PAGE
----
Mobile Integrated Health – Community Paramedicine Show Me the Money!

By Kim Sutton, BSN, CMTE *

Mobile Integrated Health

History of MIH

Mobile Integrated Health and Community Paramedicine are models of healthcare delivery that utilize trained medical professionals that provide care to patients in their homes and communities.  Historically, this was designed for rural health needs. Existing programs of MIH work to promote wellness and health to the patients, decrease remissions into the hospitals, reduce the EMS frequent user transport, and Emergency Department visits in rural and urban areas. Treatment in the comfort of your home by trained professionals has exploded since the global pandemic.  


The pandemic impacted everyone in all situations and held no discrimination to its victims. Globally this paralyzed economies, exports, imports and challenged Healthcare in every aspect.  MIH was positioned with an opportunity to serve the community outside the hospital and excelled with the impact it had on the community. 

CV testing is something that everyone has had to do once the Pandemic started. MIH teammates at the local program in NC worked diligently to screen patients for COVID. In a time that everyone was required to stay at their houses MIH was at the besides of thousands of patients. During this time people needed treatment but were paralyzed with fear in many facets. MIH set the path to treating patients and did it successfully. The local program in NC completed more than 20,000 visits in the second year of the pandemic. 

Billing for MIH

Billing versus reimbursement is the facing question. As we say in the RCM business, you can bill for anything, will you get reimbursed is the question. Billing for MIH can be done utilizing the code AO998.  This is a code that is defined by CMS as treat and no transport. Reimbursement for the services is the question for most programs. I have had the opportunity to work with the local program in my area that utilized the HCPC code for MIH services and are receiving reimbursement from commercial payors. Billing and reimbursement for this program was initiated in 2018. At that time reimbursement was approximately 20%. This has increased to 40 to 50% reimbursement for specific payors.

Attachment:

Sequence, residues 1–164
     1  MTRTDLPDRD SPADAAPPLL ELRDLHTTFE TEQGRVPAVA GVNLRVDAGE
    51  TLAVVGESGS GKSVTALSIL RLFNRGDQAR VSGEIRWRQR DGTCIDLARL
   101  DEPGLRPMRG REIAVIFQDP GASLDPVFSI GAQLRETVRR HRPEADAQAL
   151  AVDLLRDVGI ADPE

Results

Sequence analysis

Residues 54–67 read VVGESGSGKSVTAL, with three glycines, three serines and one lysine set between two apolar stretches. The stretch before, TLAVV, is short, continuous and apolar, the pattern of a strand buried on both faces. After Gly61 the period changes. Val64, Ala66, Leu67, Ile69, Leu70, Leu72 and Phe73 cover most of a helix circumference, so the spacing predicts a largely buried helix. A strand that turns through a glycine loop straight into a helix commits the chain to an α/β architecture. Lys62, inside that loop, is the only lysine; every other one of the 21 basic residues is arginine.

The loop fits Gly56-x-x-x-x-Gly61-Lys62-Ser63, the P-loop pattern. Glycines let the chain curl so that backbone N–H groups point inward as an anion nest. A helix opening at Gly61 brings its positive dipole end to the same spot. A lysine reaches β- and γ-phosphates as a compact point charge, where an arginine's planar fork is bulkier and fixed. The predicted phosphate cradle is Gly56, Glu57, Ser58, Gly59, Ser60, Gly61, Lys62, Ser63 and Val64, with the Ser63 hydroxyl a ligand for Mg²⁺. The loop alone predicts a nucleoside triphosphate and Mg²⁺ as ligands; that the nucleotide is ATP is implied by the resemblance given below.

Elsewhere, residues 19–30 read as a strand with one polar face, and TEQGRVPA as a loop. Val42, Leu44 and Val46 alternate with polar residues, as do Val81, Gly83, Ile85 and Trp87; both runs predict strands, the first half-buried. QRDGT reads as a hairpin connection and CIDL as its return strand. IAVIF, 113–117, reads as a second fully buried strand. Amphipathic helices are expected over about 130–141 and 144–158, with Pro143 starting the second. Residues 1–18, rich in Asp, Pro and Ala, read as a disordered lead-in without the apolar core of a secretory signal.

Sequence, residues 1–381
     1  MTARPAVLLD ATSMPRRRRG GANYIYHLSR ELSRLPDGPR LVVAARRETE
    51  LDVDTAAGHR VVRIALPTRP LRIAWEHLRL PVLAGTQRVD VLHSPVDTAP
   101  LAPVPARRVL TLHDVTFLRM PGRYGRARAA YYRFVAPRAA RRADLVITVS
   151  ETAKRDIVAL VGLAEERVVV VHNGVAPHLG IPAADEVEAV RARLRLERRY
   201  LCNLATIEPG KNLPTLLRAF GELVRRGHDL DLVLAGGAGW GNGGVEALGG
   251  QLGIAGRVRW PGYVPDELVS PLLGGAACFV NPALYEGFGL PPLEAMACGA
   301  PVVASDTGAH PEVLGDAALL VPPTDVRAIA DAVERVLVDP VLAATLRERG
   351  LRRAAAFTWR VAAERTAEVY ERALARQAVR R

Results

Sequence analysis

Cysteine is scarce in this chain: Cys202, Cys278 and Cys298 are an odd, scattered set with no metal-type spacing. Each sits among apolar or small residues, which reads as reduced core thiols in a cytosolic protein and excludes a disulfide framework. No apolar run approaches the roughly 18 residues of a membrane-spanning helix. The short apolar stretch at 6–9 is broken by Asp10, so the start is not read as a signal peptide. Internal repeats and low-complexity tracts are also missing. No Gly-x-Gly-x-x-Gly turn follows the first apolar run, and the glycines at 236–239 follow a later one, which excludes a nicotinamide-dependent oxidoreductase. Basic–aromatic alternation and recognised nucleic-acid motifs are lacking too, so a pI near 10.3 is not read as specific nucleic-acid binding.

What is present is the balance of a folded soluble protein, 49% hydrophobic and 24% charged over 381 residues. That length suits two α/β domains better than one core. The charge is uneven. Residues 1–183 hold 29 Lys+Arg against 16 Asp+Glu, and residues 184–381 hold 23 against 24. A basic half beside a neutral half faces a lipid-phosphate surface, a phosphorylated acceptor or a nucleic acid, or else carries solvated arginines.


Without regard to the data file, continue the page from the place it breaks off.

What about ET3

This model Emergency Triage, Treat, and Transport (ET3) is a voluntary five-year payment model that addresses health care needs of Medicare Fee for Service beneficiaries. Medicare guidelines have historically only allowed reimbursement for emergency ground services. However, in Spring of 2020 which also correlates with the start of the Pandemic CMS expanded the list of allowable destinations for ambulance services if enrolled. The key for disseminating is transporting non emergent patients and treating patients in their community.  

Show Me the Money

Each of these models reviewed for specific needs to a growing program. Reimbursement in a time of crisis was increasing. Not only was the demand for services increasing but the reimbursement on commercial payors and the Federal government were providing payment for person centered care that encourages appropriate utilization of services. 

What are the Next Steps

Next steps for MIH…. REGULATION!!  Currently there are no state or offering EMS regulations set into place for this scope in the state of NC. If regulations are placed this will impact billing and revenue.  Another point is to engage at the state level. Lobbing in the upcoming year to support regulations that protect the practice and assist in driving revenue will support the positive movement of MIH.  It is imperative to speak up for person centered care within your community now more than ever. Whether you are the dispatcher, first responder, driver, coder, biller, lobbyist, or legislative leader. Everyone can make an impact that will continue to place the care of patients as collective focus for all.

*Kim Sutton is a new member of Quick Med Claims as a Client Success Manager. She has been in the Revenue Cycle Industry for 8 years with a hands-on approach with her clients for reimbursement, outreach, and marketing. In addition to RCM, she is also a Critical Care RN and continues to remain active with patient care with 25 years of experience. 

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